As you leave the parking lot heading back to Rocklin Road. Notice the granite building (3980 Rocklin Road) on your right. The California Granite Company built the building in 1912. The building later served as Rocklin’s City Hall and as one of the City’s first libraries.
Across the street (3895 Rocklin Road) was once the medical office of Dr. Henry Fletcher, Rocklin’s town doctor (1905). Today the house serves as Rocklin’s History Museum ( www.rocklinhistory.org Phone: 916 624-2355).
Leaving the City of Rocklin’s parking lot, make a right turn back onto Rocklin Road. At the next major light, where Rocklin Road “T’s” with Granite Drive on the northwest side of Rocklin Road notice the Placer County Rocklin Branch Library. The pond in front of the library is another former quarry.
Our journey is now to connect with Miner’s Ravine Nature Preserve Bike Trail. For the next mile, continue on Rocklin Road passing under I-80 until you reach Sierra College Blvd. Turn right onto Sierra College Blvd. heading toward the City of Roseville. Need a break? The strip mall at the corner of Sierra College Blvd. and Rocklin Road has both a market and coffee shop.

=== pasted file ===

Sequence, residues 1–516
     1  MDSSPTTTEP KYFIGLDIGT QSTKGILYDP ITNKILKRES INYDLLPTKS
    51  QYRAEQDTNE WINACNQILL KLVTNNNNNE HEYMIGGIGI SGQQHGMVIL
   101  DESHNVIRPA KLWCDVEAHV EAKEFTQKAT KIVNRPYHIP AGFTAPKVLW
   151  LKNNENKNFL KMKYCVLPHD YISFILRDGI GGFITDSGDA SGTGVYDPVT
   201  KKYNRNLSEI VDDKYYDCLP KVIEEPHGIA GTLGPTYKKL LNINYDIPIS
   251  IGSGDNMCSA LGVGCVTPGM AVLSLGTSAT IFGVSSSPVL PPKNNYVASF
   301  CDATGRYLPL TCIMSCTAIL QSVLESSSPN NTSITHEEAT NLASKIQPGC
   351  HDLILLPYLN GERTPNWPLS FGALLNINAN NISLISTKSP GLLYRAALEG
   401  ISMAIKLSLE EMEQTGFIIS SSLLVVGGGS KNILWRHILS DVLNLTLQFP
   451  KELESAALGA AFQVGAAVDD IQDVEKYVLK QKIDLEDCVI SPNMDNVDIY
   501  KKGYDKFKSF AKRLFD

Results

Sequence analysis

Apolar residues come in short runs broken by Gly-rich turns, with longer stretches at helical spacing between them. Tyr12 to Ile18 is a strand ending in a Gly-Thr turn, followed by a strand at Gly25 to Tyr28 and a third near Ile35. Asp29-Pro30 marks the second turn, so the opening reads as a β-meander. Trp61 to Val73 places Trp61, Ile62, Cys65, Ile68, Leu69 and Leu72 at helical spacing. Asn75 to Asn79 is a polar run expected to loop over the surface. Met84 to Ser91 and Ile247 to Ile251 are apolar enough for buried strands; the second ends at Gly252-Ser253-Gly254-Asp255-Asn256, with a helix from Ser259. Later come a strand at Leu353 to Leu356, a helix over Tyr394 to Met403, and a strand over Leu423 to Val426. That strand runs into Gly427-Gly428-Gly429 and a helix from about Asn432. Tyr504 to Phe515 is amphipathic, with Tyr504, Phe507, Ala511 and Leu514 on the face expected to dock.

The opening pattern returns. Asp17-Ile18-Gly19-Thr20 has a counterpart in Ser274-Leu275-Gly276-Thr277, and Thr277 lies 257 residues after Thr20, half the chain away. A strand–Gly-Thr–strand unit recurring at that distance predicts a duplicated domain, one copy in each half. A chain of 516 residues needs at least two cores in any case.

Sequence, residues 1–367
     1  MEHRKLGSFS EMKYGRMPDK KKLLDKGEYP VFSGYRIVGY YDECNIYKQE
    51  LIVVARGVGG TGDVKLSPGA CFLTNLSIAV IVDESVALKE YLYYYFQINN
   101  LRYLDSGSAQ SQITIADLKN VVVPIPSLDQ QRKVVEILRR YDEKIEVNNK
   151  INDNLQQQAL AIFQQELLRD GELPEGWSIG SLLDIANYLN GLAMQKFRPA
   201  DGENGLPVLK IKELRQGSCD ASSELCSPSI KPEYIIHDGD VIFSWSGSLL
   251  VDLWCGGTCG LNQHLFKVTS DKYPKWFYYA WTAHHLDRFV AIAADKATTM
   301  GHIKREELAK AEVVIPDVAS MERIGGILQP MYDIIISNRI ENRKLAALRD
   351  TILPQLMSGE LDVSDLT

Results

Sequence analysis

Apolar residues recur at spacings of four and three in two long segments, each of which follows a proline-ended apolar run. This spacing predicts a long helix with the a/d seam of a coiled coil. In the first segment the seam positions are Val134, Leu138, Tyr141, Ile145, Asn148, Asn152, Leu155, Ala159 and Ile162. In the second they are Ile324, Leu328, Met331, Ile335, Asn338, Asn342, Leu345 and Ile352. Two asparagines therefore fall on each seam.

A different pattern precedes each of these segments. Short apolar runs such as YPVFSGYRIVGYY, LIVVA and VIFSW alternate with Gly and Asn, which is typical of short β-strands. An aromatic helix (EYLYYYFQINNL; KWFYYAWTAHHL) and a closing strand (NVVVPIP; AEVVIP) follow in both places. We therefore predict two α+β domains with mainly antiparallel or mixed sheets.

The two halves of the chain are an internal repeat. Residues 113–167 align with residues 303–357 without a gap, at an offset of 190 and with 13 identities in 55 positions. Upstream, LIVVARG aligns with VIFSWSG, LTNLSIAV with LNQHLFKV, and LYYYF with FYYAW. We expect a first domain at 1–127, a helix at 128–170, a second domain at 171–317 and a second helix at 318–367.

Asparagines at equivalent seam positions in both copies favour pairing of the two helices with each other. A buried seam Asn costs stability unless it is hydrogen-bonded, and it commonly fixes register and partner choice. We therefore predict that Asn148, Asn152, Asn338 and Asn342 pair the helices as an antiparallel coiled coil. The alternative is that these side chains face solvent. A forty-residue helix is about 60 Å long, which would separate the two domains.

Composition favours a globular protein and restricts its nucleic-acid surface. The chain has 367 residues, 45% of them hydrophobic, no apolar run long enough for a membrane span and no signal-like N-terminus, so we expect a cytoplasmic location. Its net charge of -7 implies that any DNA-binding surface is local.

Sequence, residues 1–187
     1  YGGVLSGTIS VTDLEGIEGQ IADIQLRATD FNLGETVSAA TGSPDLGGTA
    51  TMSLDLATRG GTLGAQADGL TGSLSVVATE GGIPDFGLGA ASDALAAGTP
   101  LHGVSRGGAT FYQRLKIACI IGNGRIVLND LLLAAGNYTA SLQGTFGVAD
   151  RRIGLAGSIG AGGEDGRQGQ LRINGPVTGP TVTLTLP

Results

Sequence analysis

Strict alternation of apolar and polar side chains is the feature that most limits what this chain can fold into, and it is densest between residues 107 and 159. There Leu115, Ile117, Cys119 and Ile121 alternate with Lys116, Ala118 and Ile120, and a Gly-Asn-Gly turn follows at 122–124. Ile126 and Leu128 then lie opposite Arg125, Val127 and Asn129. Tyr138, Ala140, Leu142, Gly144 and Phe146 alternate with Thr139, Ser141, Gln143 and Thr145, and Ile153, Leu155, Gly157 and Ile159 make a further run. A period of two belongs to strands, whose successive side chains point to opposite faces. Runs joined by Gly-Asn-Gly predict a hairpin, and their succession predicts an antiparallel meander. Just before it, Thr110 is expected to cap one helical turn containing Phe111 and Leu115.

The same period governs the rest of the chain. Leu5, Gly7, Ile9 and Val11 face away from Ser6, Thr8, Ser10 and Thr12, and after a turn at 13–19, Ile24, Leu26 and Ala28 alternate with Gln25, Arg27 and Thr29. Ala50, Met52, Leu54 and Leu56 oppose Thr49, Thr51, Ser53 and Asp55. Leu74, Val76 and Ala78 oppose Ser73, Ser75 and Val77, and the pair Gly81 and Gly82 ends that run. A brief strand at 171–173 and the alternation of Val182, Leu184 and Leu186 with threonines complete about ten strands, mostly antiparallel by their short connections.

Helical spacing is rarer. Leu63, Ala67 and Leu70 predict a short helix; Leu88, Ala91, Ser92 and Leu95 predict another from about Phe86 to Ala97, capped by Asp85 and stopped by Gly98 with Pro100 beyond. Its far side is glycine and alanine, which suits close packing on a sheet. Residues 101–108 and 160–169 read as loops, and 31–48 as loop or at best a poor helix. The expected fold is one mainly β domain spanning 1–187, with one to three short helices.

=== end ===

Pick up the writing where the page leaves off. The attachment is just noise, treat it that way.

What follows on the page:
As you continue on Sierra College Blvd., in about 1/4 miles, Sierra College Blvd. begins to rise into the foothills. On your right is suburbia. On your left is what was. The vertical change will be about 200 feet. Just after crossing Secret Ravine Parkway, look for the parking lot for Miner’s Ravine (From the intersection of Rocklin Road and Sierra College Blvd. to Miner’s Ravine Bike and Walking trail is 2.8 miles).
The City of Roseville has over 30 miles of paved dual use (biking and walking) trails. Part of the Dry Creek watershed, the trails transverse miles of open space rich with history, native flora and fauna.